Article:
He’s really just a regular guy.
Seriously ... Dave Wills is no different from you or me. Dave is a Sox fan, has a long memory of the team and wants them to win — and win something important before he retires.
About the only difference is that while you and I talk about the White Sox with friends or on the message boards, when Dave talks about them a whole lot more fans get to listen.
If you don’t know, Dave is the host and voice of the White Sox pre- and postgame shows on ESPN Radio 1000. He’s also filled in every so often on play-by-play for the Sox, fulfilling a longtime dream.
Wills is a native Chicagoan, who played baseball while attending Elmhurst College. He rode that experience to a stint as head baseball coach at the University of Chicago. But baseball coaching, while enjoyable, wasn’t where Dave wanted to go. So he used his experience from working at Sports Phone and parlayed it into the announcer’s job for the Kane County Cougars minor league baseball team. From there, he caught a break: The White Sox organization knew who he was, and when an opening presented itself, Wills was foremost in their minds.
A lucky set of circumstances, sure, but luck can only take you so far, either on the field or in broadcasting. If Wills couldn’t do the job, he wouldn’t have kept it. As with most things, talent wins out in the end.
Dave spoke with me on an off-day after the South Siders’ first series with the Cubs and less than 24 hours after the Freddy García deal was announced. We talked about his background, how exactly he got the White Sox gig, thoughts on the Chicago media, Bill Melton, the 2004 team and how things have gone right and wrong and why over the past 20 years or so.
Just like on the radio, Wills presented himself as a regular guy, a fan first. Oh by the way, if you’re in the neighborhood of Jimbo’s (33rd and Princeton) any night the Sox are playing, stop in after the postgame show and ask for Dave. He’s usually there every night, talking with White Sox fans.
Mark Liptak Dave, how about a little of your background. You’re a South Side guy, aren’t you?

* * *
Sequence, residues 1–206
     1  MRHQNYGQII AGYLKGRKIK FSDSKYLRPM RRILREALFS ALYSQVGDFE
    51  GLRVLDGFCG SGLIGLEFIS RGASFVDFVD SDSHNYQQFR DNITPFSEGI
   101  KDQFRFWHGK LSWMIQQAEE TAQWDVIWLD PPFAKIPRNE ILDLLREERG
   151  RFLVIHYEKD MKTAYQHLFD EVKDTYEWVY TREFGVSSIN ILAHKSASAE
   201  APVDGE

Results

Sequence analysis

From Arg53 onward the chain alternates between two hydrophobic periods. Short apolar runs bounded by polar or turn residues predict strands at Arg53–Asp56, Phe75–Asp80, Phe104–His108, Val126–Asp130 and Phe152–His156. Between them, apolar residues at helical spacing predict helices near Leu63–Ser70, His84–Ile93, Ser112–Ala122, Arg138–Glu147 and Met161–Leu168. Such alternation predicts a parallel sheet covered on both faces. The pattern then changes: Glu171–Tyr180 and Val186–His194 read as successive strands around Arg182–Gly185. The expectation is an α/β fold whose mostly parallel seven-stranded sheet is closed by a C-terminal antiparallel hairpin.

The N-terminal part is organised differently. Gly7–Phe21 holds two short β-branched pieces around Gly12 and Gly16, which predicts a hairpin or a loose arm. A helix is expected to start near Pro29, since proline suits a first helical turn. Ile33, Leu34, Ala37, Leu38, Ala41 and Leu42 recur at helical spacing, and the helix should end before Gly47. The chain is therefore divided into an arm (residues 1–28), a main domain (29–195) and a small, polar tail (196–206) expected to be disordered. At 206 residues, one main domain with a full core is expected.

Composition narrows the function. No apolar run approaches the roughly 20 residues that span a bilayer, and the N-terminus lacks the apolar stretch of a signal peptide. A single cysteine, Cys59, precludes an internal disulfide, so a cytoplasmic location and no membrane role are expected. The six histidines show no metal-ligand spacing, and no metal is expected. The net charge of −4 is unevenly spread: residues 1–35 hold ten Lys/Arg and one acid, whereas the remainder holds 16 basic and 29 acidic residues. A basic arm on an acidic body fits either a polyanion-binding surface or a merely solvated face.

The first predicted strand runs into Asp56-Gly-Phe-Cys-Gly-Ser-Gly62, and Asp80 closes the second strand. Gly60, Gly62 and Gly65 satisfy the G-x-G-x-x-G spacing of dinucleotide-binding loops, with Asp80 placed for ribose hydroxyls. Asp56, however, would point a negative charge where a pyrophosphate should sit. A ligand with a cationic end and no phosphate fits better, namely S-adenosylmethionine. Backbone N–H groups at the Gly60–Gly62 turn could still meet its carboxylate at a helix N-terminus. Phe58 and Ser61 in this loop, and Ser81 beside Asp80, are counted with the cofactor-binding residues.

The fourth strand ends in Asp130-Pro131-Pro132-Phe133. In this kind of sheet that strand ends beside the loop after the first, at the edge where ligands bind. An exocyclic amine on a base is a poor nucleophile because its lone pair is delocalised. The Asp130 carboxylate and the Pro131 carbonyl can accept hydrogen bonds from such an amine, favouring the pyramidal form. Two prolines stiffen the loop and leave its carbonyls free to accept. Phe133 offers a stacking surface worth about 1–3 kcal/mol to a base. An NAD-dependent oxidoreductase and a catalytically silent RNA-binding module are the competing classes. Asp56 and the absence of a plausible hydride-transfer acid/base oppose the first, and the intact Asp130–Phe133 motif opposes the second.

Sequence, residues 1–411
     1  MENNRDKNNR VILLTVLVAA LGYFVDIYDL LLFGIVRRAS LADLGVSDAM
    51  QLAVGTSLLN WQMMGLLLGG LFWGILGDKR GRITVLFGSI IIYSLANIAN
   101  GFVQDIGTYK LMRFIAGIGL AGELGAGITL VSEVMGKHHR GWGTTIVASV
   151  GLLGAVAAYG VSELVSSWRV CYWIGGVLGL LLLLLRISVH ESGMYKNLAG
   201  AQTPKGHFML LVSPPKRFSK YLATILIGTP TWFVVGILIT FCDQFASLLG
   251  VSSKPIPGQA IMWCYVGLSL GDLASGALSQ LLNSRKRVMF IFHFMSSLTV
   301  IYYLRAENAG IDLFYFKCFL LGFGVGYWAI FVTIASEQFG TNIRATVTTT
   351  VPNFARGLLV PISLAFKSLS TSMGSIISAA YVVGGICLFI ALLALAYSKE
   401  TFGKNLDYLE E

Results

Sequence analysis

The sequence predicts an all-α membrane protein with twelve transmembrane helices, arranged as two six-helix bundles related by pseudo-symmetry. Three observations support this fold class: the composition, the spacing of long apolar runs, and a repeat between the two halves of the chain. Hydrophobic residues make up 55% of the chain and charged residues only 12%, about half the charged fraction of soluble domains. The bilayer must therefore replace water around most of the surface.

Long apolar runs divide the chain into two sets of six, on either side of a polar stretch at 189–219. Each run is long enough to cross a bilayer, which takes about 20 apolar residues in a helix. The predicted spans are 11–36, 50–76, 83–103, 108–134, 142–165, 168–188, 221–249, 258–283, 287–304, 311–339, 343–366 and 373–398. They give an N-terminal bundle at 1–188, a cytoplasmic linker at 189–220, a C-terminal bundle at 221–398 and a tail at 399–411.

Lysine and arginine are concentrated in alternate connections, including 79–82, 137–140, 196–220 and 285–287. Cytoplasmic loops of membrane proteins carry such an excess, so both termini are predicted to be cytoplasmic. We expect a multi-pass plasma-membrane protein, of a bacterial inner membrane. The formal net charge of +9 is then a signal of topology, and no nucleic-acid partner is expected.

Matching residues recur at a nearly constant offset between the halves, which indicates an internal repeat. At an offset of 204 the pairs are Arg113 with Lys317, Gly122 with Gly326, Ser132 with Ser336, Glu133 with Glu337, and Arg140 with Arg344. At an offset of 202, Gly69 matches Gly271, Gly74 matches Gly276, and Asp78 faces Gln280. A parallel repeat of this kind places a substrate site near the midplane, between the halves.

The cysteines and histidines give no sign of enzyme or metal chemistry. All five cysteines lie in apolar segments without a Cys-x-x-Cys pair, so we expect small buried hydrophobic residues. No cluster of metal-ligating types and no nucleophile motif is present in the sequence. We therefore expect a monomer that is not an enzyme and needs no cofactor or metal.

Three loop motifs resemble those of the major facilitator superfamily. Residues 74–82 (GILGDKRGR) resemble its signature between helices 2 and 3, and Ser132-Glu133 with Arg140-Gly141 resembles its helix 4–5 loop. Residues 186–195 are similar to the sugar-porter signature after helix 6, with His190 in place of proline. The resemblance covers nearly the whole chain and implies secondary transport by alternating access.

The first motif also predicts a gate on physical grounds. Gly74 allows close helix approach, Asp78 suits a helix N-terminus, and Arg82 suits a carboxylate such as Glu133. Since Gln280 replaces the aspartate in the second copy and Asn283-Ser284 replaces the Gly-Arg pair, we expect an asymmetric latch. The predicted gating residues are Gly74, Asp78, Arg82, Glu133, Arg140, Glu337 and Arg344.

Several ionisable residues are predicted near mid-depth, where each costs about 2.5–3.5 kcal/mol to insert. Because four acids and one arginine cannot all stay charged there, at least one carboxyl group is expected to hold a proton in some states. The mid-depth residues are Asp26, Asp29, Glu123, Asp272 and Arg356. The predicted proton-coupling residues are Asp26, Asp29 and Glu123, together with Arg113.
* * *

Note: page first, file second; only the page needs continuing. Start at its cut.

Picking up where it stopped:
Dave Wills I am. I was born in Chicago and moved to Oak Lawn in 1966.
Have you always been a baseball/Sox fan?
I’ve always been a Sox fan. I grew up watching guys like Tommy John, Carlos May and Bill Melton. But while I was growing up, baseball really wasn’t one of my favorite sports. My brother and I were on the same Little League team and he played more; as you can imagine, that bothered me [laughing].
Basketball was always my sport. One day, though, when I was in high school gym class my teacher noticed I was left-handed and he asked me if I ever did any pitching. I said yes, but that it had been a few years. I went out for the Oak Lawn team and played a little my sophomore and junior years. I didn’t have a bad junior season. Senior year I concentrated on basketball, but I found that at 6´1´´, it was getting harder and harder to guard guys who were 6´4´´ and could leap out of the gym.
I went to Elmhurst College and wasn’t planning on playing anything, but I found out that the basketball team only had 10 guys or so. I went out and made the team. The baseball coach there heard I was left-handed, and one day he asked me why I never went out for the baseball team. I told him when I looked in at the tryouts, there must have been about a hundred guys there and I didn’t think I could make it. He told me to come out next year, that I could make the team. So I did, and played my last three years.
Mike Young was the pitching coach, and I basically was the left-handed specialist. I’d start four or five games a year, but really my job was to come in later and get a guy out. There must have been five or six occasions where I’d warm up for 10 minutes, come in, throw one pitch, get the guy to pop up or something, and that was it. I’d be done, headed to the showers.
How did you get into the broadcasting arena?
While I was in college, I got a job at Sports Phone. It was my junior year. I started out part-time, then went to full-time after a month. I was going to class full-time and working 40 hours a week. They were able to arrange my schedule so that I could get my hours, like in three days, starting over the weekend.
And how did the Sox job come along? You’ve been with the organization since 1994.
Mike Young, who I knew from back in my college days, was the manager of the minor league baseball team they had in Wausau, Wis. He knew that team was going to be moving to Kane County the following year, and suggested that I talk to the club owners. I spoke with them, and they told me that they thought I could do a fine job but warned me that they wouldn’t have the final say, that it would be the people who were going to run the club on the day-to-day basis. So with their blessing, I talked to those people and got the job.
I was doing the Kane County stuff and through it I got to know Bill [Melton] and asked him if he’d like to come out and do some of the color for the games. I figured he’d come out once in a while, but he loved doing the games and came out 20-30 times a season. We had a nice team in place and he was really good, he had the “pipes,” so to say.